Image found on Laughing Squid: The Power of Books, Photo Series Takes the Power of Reading Literally. From the photo series, “The Power of Books,” by designer Mladen Penev.
I listened to Sugata Mitra’s TED talk on self-organized learning, and it was extremely inspiring for anyone interested in learning or the education of children. Sugata Mitra won the TED Prize for 2013 to help seed his ambitious project to create a “school in the cloud.” Here was the a-ha point for me in his talk:
But first, a bit of history: to keep the world’s military-industrial machine running at the zenith of the British Empire, Victorians assembled an education system to mass-produce workers with identical skills. Plucked from the classroom and plugged instantly into the system, citizens were churned through an educational factory engineered for maximum productivity.
In other words, the Victorians assembled a global human computer to run the world, and they created the school system to produce more human parts for the computer. But we don’t live in that age anymore. We have real computers now. So why hasn’t our educational system changed?
Here’s another great point:
Schools still operate as if all knowledge is contained in books, and as if the salient points in books must be stored in each human brain — to be used when needed. The political and financial powers controlling schools decide what these salient points are. Schools ensure their storage and retrieval. Students are rewarded for memorization, not imagination or resourcefulness.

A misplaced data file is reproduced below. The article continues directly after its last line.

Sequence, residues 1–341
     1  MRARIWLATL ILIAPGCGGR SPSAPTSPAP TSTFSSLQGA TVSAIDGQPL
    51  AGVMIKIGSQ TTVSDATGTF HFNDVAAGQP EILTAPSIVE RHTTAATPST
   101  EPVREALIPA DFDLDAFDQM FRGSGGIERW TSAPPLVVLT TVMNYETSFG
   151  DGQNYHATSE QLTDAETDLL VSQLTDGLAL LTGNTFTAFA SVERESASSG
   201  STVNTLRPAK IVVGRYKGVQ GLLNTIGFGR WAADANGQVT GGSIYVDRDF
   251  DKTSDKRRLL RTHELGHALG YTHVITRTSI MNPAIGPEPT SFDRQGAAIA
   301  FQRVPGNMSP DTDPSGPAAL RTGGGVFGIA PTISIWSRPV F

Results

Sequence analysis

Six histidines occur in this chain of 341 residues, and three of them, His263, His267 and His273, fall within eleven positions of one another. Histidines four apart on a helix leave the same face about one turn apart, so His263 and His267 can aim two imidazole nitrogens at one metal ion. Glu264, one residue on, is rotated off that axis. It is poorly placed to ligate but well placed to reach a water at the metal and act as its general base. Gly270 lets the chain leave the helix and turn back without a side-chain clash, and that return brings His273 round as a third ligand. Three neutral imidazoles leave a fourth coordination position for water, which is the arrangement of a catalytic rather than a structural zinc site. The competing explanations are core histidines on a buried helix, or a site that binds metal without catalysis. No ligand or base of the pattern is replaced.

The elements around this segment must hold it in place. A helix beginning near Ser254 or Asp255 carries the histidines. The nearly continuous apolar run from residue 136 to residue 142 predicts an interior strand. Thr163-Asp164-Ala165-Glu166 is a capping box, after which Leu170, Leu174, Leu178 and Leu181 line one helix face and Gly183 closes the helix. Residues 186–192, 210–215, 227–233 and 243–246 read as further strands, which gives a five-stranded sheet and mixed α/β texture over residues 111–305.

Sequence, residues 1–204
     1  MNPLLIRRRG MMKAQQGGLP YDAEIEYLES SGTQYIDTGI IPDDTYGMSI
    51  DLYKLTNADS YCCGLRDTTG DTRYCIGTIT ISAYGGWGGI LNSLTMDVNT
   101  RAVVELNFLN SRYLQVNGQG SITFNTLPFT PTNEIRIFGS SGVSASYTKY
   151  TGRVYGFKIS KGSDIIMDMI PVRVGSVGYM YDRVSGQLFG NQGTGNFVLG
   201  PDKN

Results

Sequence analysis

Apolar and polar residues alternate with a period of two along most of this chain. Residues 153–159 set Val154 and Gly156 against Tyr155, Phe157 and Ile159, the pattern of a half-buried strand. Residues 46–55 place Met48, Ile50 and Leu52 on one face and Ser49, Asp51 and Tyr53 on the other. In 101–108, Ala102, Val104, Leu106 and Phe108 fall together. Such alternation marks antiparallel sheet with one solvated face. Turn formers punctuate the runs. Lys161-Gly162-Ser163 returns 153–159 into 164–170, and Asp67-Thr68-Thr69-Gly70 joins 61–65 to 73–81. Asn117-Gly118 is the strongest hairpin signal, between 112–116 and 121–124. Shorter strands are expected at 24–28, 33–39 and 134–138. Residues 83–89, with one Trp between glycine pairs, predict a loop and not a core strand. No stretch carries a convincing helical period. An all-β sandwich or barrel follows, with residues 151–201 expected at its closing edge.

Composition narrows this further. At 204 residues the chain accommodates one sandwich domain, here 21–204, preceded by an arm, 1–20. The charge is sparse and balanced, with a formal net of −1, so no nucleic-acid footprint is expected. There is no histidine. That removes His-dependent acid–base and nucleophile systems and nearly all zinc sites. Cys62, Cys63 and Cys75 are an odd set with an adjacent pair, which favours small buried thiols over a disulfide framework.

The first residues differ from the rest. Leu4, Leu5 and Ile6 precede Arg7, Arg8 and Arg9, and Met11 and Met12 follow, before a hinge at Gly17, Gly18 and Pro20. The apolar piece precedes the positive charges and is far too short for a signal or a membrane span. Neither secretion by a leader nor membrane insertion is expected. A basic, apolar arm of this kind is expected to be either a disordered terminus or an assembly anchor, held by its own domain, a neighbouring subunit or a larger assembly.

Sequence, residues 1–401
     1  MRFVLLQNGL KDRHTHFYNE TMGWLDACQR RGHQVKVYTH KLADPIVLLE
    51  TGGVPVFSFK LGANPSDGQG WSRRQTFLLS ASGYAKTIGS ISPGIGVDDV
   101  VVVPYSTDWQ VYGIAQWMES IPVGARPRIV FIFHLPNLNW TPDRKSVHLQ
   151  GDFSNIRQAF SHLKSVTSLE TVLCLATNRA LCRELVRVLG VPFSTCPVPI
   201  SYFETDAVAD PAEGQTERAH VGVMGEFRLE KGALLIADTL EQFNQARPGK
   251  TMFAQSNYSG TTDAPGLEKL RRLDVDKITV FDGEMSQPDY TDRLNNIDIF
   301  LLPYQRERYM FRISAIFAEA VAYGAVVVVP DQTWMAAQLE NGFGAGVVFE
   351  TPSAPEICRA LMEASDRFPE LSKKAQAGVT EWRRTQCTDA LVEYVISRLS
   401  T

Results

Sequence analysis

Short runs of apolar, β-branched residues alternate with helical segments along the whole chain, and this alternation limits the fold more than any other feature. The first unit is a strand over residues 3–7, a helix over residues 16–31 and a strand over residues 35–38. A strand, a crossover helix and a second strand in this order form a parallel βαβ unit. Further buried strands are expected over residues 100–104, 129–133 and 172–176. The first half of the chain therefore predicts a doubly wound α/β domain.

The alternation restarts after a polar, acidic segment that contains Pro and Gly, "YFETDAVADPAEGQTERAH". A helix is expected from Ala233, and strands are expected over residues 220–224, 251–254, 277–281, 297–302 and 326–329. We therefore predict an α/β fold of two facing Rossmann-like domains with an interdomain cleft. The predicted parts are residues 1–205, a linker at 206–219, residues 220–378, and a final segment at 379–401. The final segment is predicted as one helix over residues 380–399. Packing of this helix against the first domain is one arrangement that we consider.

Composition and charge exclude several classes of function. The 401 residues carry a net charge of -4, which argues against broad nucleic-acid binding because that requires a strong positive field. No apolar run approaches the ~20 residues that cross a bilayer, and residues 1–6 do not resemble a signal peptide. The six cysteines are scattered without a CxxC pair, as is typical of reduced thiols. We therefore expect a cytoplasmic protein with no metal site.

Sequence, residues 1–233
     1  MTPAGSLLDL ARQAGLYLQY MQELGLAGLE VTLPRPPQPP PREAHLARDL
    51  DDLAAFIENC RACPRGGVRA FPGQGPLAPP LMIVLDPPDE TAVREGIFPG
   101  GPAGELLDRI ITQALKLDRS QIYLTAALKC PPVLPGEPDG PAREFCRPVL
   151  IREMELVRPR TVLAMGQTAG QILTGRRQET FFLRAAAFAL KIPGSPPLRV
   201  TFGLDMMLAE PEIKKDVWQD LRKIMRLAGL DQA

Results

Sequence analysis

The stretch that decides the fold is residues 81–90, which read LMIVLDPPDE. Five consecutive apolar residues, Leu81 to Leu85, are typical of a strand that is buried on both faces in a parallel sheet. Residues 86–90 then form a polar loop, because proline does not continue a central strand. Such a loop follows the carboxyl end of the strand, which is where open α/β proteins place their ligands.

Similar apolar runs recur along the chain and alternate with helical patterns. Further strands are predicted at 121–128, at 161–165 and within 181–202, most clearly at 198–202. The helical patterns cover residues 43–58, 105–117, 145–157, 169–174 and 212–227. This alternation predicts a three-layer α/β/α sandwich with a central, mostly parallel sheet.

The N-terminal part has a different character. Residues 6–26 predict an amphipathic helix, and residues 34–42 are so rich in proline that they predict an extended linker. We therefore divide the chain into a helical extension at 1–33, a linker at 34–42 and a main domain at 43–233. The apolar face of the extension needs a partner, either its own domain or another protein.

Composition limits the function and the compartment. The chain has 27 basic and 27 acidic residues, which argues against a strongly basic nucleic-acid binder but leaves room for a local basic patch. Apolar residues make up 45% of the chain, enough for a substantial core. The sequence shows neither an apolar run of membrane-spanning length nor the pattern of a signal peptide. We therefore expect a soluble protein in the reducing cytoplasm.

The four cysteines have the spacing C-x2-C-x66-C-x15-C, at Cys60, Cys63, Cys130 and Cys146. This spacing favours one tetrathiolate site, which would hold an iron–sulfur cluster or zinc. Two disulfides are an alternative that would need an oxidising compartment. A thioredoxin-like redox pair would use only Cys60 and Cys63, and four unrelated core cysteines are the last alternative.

I constantly hear a refrain of “innovation” and “creativity” as what we need for the 21st-century world. Yet our school system is designed to stifle innovation and creativity. Today, we need schools not structured like factories, but like clouds.
Read more and watch the TED Talk: Sugata Mitra: We Need Schools… Not Factories.
I read two interesting articles by Harold Jarche this morning on the future of work. The first posits that knowledge workers are the new artisans of the network era:
The second describes the four types of jobs and speculates that two of those job types will increasingly become automated, so if you want to work, you either need to be a thinker or a builder:
As we move into a post-job economy, the difference between labour and talent will become more distinct. Producers and Improvers will continue to get automated, at the speed of Moore’s law. Those lacking enough ‘Talent’ competencies may get marginalized. I think there will be increasing pressure to become ‘Thinkers + Builders’, similar to what Cory Doctorow describes as Makers in his fictional book about the near future.
Just look what people are doing. Flying a solar-powered plane across America. Planning a permanent colony on Mars. Planting guerrilla gardens. The ability of people to imagine, invent and just make things happen never fails to amaze me. Whenever I’m feeling discouraged or cynical about my species, I must remind myself of how incredible we can be.
Gain some perspective with these gorgeous photos of nebulas: Hubble and Hershel show the Horsehead Nebula in a spectacular new light.